Living with mental illness or substance use disorder can be very challenging. Those who struggle with these disorders and don’t obtain treatment often find that trying to lead a normal life is extremely difficult and may even seem impossible. Mental health services and substance use treatment can enable those who struggle with these challenges to work toward leading a much more rewarding life.
Every September, National Recovery Month is observed to help educate people about these challenges and about the gains and successes made by those in recovery. The message of this observance is that treatment is effective, that people can and do recover and that behavioral health is an important component in overall health.
Recovery is Possible
Too often those with substance use disorder or mental health challenges are portrayed in the media as having a condition that is hopeless and continually leads to relapse or ends with self-destruction. What’s not portrayed often enough are the stories of people who are able to find the tools and support systems needed to lead a peaceful and productive life.
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Those who have physical illnesses such as diabetes, cancer or heart disease are celebrated when they attain recovery. Those who have substance use disorder or mental illness who face and overcome these disorders deserve to be celebrated as well, and that’s the goal of National Recovery Month.
Raising Awareness with National Recovery Month
Each year, Substance Abuse and Mental Health Services Administration (SAMHSA) sponsors National Recovery Month with the goal of improving knowledge and awareness of recovery from mental illness and substance use. This year is the 29th year that National Recovery Month has been observed.
There are thousands of recovery programs and treatment facilities around the country that celebrate National Recovery Month every September. Stories are shared about gains made in recovery to help people have a greater understanding of substance use disorders and mental health disorders, particularly the potential for people to recover from these disorders and reclaim their lives.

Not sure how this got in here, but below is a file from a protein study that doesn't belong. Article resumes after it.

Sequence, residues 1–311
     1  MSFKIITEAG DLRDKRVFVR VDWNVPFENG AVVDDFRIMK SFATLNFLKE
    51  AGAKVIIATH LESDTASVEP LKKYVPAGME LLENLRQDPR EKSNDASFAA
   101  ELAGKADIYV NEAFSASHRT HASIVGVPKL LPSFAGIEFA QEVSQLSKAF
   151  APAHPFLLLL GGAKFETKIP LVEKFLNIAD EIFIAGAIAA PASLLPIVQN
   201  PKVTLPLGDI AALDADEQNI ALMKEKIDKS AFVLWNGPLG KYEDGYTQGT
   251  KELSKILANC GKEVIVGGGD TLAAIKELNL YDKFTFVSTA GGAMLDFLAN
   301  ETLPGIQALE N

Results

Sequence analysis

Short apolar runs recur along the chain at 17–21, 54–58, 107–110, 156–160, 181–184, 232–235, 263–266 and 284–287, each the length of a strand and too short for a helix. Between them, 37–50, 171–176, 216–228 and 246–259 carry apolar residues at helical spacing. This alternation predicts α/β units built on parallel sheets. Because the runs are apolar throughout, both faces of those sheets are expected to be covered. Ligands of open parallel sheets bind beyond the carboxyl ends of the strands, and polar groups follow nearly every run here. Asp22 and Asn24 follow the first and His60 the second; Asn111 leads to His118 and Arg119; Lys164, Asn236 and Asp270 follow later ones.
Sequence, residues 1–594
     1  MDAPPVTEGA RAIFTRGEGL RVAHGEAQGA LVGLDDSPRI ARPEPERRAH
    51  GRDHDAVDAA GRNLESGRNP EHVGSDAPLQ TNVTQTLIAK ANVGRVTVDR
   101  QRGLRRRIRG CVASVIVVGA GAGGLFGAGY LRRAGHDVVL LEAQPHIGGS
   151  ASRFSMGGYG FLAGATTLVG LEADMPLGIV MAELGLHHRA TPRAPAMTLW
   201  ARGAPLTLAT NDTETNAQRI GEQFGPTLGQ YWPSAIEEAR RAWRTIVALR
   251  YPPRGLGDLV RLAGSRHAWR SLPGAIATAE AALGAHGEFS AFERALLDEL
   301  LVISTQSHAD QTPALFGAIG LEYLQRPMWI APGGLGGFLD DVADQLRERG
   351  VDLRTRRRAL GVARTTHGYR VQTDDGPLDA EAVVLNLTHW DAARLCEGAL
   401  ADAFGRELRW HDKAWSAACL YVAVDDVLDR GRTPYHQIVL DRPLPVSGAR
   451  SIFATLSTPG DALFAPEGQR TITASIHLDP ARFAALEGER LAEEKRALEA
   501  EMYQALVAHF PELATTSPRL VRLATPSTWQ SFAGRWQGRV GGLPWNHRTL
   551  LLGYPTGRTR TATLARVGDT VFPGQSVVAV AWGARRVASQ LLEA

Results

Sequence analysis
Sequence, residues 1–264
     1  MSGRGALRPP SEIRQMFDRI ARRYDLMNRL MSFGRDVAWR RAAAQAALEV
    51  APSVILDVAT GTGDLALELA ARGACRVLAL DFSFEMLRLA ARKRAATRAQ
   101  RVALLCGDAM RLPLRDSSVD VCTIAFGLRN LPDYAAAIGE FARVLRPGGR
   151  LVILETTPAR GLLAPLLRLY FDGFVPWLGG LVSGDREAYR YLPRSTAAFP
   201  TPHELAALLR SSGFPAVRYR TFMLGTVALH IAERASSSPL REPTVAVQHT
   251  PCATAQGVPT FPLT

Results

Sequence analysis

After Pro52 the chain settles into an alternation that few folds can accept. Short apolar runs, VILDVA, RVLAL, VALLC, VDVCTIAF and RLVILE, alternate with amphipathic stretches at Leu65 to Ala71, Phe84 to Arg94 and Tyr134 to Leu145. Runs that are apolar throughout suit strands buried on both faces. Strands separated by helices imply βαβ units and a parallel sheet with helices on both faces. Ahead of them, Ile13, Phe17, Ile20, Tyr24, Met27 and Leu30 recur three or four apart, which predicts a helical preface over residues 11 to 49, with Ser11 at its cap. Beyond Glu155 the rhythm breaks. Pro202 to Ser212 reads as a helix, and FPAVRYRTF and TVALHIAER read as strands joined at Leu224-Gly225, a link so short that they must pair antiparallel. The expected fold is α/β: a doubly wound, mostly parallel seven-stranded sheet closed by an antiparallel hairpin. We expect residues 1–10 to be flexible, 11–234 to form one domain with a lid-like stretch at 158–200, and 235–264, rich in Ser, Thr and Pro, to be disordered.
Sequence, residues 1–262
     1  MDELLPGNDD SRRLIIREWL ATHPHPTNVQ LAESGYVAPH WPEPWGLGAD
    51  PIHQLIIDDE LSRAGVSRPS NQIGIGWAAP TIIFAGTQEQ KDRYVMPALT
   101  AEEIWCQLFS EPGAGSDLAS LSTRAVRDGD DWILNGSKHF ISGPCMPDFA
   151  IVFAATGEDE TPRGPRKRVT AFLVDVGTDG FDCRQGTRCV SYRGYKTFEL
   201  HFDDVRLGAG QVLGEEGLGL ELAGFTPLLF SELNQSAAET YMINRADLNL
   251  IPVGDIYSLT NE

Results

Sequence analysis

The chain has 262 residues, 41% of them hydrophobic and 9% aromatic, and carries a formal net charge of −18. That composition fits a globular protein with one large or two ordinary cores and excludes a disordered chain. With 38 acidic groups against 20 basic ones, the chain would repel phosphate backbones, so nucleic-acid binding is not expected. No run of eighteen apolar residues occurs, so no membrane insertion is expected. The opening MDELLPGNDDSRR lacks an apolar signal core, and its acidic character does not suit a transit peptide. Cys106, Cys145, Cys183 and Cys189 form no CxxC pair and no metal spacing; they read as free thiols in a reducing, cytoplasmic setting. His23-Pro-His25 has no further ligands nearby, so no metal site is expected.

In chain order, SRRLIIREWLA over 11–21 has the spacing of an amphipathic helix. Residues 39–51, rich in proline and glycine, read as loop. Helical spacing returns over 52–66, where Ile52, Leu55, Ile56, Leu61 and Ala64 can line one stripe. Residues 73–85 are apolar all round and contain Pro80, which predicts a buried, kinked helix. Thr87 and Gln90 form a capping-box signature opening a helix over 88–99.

Celebrating Recovery Service Providers
In addition to celebrating the successes of people who are in recovery, National Recovery Month aims to celebrate the providers that help to make recovery possible for so many people. Treatment and recovery service providers dedicate their lives to helping people who struggle with substance use or mental illness. They offer the guidance needed for people in recovery to learn the skills required to lead their best lives.
During National Recovery Month, members of the community are encouraged to help to spread the message and improve the availability of services for those who need them. This includes:
- Education and increasing awareness
- Support and recognition of service providers
National Recovery Month 2018
Recovery Month has a different theme each year, and this year’s theme is Join the Voices of Recovery: Invest in Health, Home, Purpose and Community. Recovery is a journey that in most cases can’t be accomplished by just the individual alone. Topics being explored this year included how integrated care, leadership, a strong community and a sense of purpose can make a big difference in recovery efforts for those with substance use and mental health disorders.
Each year, SAMHSA provides a Recovery Month Toolkit to help in efforts to promote this national observation. Individuals and organizations are encouraged to spread a positive message that behavioral health is very important to overall health, and that there are treatment methods that have the ability to successfully change lives and promote recovery.
During Recovery Month, inspiring stories are highlighted with the hope that people will hear the message that mental illness and substance use disorders don’t have to destroy lives. It’s possible to find a path to hope, health and wellness. It’s possible to change, to heal and to recover.
If you or a loved one are struggling with substance abuse or a mental health disorder, contact us today at (866) 339-3544 or submit the form below and one of our recovery advisors will contact you.